AUGUST 18, 2020
Around 138 million people voted in the 2016 Presidential Election, which is only 58.1% of our voting-eligible population (those American citizens over 18).* Americans have the privilege of choosing their leader. Yet, almost half stay home.
If we want to see an increase in the number of people engaged in our electoral process (local or nationall!), we need to start in schools—ensuring that young people understand how the electoral process works and the importance of being an informed voter.
Here are some ideas that will engage and excite your students around election learning.
Start Teaching About Elections Early
Teaching about elections can begin during the very first week that classes resume. Are you starting the year on the foundations of government or focusing on citizenship and participation? Use key dates like September 17 and September 22.
Why September 17? September 17 marks Constitution Day. Use lesson plans from our unit, Road to the Constitution, to help students learn about how the U.S. Constitution was created and what some of its key characteristics are.
You can also task students with exploring key amendments and their application in protecting citizens’ rights with our game, Do I Have a Right?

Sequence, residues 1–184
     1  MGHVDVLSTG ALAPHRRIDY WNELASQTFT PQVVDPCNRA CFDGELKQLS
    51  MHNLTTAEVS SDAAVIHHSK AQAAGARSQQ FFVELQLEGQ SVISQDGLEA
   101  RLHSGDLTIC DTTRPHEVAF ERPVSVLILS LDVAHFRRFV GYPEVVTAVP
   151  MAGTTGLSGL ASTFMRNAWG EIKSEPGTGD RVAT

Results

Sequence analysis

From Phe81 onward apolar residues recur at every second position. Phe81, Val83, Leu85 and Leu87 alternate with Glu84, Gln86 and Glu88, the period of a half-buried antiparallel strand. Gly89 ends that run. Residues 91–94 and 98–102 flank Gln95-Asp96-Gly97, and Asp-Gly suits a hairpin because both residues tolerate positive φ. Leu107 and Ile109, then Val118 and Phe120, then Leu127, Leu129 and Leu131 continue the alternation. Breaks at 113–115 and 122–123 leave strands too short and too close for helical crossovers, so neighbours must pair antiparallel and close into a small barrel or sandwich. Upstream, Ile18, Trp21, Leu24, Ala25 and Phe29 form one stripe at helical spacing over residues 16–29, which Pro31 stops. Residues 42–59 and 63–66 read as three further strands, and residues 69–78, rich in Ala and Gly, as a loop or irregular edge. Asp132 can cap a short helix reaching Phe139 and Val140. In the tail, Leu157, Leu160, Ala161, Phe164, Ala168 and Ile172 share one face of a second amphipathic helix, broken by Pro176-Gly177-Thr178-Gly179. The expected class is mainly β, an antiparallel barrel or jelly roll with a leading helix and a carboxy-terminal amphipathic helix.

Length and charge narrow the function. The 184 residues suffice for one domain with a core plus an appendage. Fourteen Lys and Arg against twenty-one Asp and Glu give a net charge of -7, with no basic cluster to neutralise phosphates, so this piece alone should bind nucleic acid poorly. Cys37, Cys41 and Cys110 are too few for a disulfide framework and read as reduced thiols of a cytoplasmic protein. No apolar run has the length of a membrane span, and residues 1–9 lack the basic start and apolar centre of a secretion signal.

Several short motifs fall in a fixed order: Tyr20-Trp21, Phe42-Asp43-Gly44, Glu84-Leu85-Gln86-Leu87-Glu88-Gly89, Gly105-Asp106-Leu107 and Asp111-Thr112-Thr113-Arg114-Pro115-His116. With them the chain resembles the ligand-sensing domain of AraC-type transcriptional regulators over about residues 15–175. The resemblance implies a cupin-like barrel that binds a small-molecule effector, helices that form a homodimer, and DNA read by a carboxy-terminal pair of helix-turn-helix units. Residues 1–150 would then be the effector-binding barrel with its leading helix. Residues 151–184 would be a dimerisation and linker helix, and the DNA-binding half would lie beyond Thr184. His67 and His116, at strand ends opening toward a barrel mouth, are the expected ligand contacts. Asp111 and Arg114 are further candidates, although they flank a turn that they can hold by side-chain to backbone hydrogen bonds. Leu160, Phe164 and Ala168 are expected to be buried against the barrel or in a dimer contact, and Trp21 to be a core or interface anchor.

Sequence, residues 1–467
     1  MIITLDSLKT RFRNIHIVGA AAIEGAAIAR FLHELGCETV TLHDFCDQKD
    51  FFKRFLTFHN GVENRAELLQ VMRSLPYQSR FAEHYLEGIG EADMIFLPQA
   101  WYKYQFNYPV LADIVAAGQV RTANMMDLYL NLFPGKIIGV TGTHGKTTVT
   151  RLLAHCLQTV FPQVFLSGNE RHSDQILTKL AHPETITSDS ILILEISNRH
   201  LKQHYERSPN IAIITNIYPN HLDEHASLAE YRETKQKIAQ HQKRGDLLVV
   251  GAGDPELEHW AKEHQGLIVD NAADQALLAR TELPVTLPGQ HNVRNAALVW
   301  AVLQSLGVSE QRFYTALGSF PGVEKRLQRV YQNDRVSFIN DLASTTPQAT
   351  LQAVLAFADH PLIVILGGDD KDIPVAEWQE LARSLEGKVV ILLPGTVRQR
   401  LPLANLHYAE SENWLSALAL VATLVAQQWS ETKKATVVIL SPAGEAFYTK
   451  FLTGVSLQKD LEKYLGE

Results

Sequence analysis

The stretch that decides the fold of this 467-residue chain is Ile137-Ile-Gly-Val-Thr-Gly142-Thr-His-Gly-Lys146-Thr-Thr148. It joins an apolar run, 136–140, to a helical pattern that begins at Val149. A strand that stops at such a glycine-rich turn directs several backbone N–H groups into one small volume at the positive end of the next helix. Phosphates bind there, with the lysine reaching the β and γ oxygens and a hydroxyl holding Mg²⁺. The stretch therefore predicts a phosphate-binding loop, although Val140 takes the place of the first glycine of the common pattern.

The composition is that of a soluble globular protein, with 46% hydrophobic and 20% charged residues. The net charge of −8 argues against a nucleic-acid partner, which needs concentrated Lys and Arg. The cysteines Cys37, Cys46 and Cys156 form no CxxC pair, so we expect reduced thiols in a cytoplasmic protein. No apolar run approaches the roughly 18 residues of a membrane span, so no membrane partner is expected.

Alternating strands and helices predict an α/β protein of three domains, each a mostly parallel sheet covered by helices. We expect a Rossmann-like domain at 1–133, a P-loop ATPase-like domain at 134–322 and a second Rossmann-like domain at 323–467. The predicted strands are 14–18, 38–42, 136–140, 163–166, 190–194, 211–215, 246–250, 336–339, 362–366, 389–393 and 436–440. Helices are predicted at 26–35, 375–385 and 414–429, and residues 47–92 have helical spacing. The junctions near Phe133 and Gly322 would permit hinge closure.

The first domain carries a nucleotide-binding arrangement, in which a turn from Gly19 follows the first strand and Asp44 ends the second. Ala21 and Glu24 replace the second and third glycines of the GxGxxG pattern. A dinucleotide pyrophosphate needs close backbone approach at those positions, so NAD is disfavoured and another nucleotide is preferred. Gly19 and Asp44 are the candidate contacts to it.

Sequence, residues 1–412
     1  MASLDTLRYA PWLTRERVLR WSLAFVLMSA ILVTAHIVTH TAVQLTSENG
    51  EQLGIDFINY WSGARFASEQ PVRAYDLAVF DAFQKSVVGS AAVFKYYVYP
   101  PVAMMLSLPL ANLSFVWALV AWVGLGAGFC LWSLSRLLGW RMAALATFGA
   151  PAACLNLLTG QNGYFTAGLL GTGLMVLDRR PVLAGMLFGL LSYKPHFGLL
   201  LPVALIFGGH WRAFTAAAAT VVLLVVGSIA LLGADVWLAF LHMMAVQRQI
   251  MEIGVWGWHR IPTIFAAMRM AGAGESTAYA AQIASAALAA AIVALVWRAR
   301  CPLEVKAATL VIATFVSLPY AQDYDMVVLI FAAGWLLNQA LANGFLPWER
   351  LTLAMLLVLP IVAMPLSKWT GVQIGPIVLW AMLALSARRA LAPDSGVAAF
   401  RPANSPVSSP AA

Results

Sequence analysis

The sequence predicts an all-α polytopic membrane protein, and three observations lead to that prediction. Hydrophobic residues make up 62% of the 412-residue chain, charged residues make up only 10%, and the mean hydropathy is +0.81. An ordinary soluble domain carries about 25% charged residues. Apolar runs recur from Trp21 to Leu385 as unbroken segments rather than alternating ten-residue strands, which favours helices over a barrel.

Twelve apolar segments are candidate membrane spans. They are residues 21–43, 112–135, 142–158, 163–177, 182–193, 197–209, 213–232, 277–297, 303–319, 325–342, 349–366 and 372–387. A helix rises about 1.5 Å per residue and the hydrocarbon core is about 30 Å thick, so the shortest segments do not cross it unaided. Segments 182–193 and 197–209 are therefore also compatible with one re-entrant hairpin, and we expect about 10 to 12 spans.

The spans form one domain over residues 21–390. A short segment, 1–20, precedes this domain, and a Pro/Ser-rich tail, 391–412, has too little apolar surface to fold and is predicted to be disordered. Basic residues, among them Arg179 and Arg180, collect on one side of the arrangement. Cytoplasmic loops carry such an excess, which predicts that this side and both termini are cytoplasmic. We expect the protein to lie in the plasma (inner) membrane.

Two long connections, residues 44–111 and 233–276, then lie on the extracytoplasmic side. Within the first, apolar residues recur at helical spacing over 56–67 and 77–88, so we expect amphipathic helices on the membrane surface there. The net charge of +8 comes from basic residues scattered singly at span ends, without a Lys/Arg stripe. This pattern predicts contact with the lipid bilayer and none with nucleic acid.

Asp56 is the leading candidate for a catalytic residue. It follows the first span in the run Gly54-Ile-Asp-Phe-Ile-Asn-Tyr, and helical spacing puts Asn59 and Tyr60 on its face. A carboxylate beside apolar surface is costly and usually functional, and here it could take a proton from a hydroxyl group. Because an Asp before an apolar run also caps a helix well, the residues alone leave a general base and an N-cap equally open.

Why September 22? National Voter Registration Day is September 22. Ensure that your students who are eligible to vote know how and where they can register. For students who are not yet eligible to vote, you can focus on why we register to vote and why voting even matters. Explore the evolution of voting rights in the U.S., and discuss the advantages and disadvantages of voting by mail.
Creative Remote Learning Ideas
Host a Mock Election: Instead of just having students vote for their favorite candidate on Election Day, prepare for Election Day by holding your own mock elections. This lesson can be adapted for remote classrooms!
Start Election Lessons with Gameplay: Task students with playing a game like Win the White House before you dive into teaching about the Election. This will give them ideas on how to build arguments relevant to them and help them understand all of the elements that go into running for a position. They can also discover what it takes to become an informed voter with our game, Cast Your Vote.
Practice Voting: Divide your class into parties (you can encourage students to design
their own third-party!). Then have students nominate candidates from their parties, give speeches or participate in a debate on an issue important to them, and then host a class vote. You could use a mail-in ballot if your students are remote. You can also hold your classroom election on the same day adults are voting for a presidential or local official.
Infuse Local Relevance: After an election, examine the results as a class, specifically those from your community. Discuss implications of new policies or elected leaders. Then look at election results throughout the country to give students a national picture.
Additional Election Teaching Resources
If you're looking for the best 2020 Election curriculum and teaching tools, check out our free resources. We have dozens of infographics, activities, lesson plans, and WebQuests that will help your kids learn about civics in the classroom.